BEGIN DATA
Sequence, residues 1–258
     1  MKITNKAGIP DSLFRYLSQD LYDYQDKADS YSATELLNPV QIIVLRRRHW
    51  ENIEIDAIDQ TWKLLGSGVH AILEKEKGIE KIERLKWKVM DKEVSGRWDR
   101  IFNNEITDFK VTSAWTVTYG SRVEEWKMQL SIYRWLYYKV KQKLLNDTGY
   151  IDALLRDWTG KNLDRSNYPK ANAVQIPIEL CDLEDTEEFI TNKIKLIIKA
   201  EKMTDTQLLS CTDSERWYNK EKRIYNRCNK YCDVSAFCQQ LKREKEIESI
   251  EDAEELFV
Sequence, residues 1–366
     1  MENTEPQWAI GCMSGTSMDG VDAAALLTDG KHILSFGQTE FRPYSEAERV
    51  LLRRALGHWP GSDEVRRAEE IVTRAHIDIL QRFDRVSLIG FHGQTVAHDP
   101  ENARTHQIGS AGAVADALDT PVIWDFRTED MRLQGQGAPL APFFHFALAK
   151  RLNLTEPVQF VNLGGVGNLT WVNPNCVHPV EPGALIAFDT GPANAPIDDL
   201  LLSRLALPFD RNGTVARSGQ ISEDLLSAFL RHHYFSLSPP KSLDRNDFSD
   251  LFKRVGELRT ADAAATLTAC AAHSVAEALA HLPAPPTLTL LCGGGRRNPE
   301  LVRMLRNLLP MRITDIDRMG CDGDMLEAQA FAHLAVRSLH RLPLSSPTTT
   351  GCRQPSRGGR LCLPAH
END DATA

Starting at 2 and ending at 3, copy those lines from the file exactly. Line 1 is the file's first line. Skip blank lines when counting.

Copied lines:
     1  MKITNKAGIP DSLFRYLSQD LYDYQDKADS YSATELLNPV QIIVLRRRHW
    51  ENIEIDAIDQ TWKLLGSGVH AILEKEKGIE KIERLKWKVM DKEVSGRWDR